Hickey was a late bloomer as far as his life in accounting is concerned. Originally from Binghamton, N.Y., he moved to Syracuse in his freshman year of high school when his father was transferred there. Right out of high school, he went to work for $1.85 an hour parking cars, the sort of paycheck that made it impossible to afford college tuition. One day, while on his lunch break, Hickey crossed the street to the Air Force recruitment base and never looked back. 

After his four-year stint, the training he received in the Air Force landed him a job as a scale technician with Howe Richardson Scale Co. near Albany, N.Y., and about four years later, with Harris Lanier as a field engineer repairing cutting-edge digital dictation equipment. 

Harris Lanier brought him to Vermont to help establish a Burlington branch in 1987. As the resident engineer, he helped manage the office and spent a lot of hours on the road serving Vermont, upstate New York and western Massachusetts. That same year, he persuaded Laurie Tremblay, whom he had met through friends, to move from Syracuse to Vermont and become his wife. It was easy, says Hickey. “She’s from Lebanon, N.H., and had always loved Burlington.”

Abbe Sweeney and Nancy Rouisse Abbe Sweeney (left), office manager, is a recent staff addition at Scheer & Hickey. Nancy Rouisse is staff accountant.

It wasn’t long before the on-the-road lifestyle grew old. He decided to pursue an engineering degree at the University of Vermont, but that ended when children entered the picture. Hickey went to work at a friend’s newly opened pet store on Dorset Street. “I started helping out, then managed it, and it turned into a full-time gig for about 11 years. It got to the point where I had to make a decision,” says Hickey, who asked, “Am I going to be in retail for the rest or my life, or am I going to try something else?” 

In his mid-40s and with the looming prospect of putting two offspring through college, he enrolled in an accounting class at Trinity College. “I wanted a class that looked simple, had rules, and with the right answer somewhere in the book and I could find it,” he recalls. 

It clicked. “It was just something that came naturally,” he says. Hickey worked through the degree, attending nights and weekends while continuing at the pet store, and passed his CPA exam on his first attempt.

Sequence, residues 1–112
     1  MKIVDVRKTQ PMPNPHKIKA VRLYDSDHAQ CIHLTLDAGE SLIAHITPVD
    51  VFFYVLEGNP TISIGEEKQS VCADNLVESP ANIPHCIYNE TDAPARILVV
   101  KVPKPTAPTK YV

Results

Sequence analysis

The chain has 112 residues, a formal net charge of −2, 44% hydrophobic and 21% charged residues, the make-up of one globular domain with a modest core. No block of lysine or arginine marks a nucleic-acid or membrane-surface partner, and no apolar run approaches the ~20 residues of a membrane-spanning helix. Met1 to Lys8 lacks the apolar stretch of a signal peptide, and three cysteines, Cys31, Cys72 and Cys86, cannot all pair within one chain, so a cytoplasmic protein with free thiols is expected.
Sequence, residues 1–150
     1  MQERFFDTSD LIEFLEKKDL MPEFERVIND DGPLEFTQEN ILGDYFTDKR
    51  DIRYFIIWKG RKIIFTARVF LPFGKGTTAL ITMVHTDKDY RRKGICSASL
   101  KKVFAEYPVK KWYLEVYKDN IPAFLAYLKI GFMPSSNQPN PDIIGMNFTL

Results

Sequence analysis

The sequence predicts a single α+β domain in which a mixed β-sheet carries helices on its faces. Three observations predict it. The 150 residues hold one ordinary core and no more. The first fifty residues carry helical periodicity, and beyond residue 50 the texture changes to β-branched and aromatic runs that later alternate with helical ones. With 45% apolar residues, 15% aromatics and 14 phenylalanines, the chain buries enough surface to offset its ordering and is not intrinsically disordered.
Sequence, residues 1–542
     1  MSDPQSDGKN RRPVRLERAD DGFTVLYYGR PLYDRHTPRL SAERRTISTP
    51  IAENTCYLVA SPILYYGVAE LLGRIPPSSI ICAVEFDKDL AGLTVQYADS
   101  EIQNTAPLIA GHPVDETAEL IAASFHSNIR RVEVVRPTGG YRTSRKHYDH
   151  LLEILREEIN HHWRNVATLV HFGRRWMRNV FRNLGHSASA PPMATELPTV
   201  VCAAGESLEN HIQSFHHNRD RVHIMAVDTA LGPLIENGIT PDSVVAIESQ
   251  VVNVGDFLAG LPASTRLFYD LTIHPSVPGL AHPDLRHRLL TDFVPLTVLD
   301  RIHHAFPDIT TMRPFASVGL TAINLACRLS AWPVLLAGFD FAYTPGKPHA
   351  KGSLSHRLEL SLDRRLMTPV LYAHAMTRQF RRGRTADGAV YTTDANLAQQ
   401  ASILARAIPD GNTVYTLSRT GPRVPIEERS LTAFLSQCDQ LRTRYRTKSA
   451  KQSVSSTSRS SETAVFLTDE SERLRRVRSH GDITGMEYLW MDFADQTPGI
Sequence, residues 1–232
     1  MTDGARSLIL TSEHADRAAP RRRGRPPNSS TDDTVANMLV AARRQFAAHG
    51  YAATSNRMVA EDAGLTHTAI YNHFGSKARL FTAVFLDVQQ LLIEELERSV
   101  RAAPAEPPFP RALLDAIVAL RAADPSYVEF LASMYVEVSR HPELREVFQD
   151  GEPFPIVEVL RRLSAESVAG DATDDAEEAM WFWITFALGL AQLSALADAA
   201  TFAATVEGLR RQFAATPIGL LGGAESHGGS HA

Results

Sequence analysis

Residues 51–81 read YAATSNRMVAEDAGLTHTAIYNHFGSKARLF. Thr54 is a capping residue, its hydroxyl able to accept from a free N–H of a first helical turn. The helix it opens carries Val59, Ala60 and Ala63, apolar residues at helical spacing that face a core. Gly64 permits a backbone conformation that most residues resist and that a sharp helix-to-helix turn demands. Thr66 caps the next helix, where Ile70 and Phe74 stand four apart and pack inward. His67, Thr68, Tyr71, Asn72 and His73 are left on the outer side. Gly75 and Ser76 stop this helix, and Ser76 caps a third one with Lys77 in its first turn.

In 1999, right after Hickey graduated from Trinity, he met Scheer, and less than six months after that, Scheer hired him full time. They have now moved to a full partnership, and Scheer’s original list of 15 clients has grown to include more than 500 businesses and individuals. 

In building the business, the biggest challenge has always been time management. “In professions that require hourly billing, you have to work ‘X’ number of hours to get the work done, and when you make a commitment with clients, and they have needs, you’ve committed your future to that work,” says Scheer. 

To share the burden, Scheer & Hickey employs a mix of full- and part-time individuals without whom, say the partners, they might have a grim story to tell at the end of tax season. 

These employees include full-time office manager Abbe Sweeney, staff accountants Nancy Rouisse and CPA Sherry Allard who works part time for most of the year and full time for tax season. 

The firm also employs two seasonal helpers: Juli Hunton, Scheer’s sister, who comes in from Arizona to help with bookkeeping and tax preparation; and Debra Mitchell, who shares office space with the partnership, running her own bookkeeping and accounting practice in addition to working full time for six or seven weeks for Scheer & Hickey during tax season.

The team tries to be out of the office by 5 p.m. on April 15 to cap the season off with a nice party somewhere downtown. The exception is when the occasional last-minute catastrophe — like a system crash or extremely errant return — keeps them late. 

Scheer keeps plenty busy year-round. He was the director of the KeyBank Vermont City Marathon for its second and third years, and remains active in the event from time to time, and he is himself an avid runner. He’s been treasurer of Burlington’s First Night celebration for the last 15 years. He and his wife, Sue, whom he met through the Marathon and married in 1995, have a 6-year-old daughter, Katie.

Hickey and Laurie, a middle-school teacher in South Burlington, have two children, daughter Brenna, 14, and son Patrick, 11. On Sundays during tax season — “my one day off,” says Hickey — the family hits the slopes at Bolton Valley. 

They never rest long. Work continues in the office year-round, although it’s tamer for the nine months outside that tax-season rush. No doubt just enough time to recharge. •